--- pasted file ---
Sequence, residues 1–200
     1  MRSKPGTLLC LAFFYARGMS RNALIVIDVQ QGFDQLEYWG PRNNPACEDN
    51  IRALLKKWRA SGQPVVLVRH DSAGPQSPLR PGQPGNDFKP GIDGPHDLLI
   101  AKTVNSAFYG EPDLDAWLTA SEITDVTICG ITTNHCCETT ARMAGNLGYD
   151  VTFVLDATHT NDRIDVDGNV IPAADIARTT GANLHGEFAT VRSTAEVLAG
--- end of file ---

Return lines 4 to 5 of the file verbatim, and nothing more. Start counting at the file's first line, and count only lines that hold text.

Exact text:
   101  AKTVNSAFYG EPDLDAWLTA SEITDVTICG ITTNHCCETT ARMAGNLGYD
   151  VTFVLDATHT NDRIDVDGNV IPAADIARTT GANLHGEFAT VRSTAEVLAG